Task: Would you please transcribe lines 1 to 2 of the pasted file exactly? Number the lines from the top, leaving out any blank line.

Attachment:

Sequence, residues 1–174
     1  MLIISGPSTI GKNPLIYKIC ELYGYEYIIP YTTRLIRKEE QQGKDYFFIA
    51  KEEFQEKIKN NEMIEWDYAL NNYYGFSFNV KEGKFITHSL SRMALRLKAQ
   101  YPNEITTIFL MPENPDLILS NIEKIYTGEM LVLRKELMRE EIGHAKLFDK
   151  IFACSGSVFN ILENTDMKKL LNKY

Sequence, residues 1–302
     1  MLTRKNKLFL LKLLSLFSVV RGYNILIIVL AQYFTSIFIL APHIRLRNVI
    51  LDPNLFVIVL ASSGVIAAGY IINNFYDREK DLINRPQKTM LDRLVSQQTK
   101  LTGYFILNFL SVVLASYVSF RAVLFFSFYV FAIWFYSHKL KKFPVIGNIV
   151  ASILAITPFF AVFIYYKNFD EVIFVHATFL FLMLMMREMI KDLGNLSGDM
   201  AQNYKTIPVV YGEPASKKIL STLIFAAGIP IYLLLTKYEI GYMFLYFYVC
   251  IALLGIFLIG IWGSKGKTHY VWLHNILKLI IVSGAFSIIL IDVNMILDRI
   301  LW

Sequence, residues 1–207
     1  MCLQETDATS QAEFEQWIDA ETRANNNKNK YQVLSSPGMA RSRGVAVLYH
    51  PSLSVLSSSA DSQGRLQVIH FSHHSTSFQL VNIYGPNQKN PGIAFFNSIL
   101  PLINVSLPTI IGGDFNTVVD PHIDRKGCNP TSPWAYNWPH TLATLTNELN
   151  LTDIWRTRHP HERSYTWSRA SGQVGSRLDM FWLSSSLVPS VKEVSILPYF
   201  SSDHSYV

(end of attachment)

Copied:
Sequence, residues 1–174
     1  MLIISGPSTI GKNPLIYKIC ELYGYEYIIP YTTRLIRKEE QQGKDYFFIA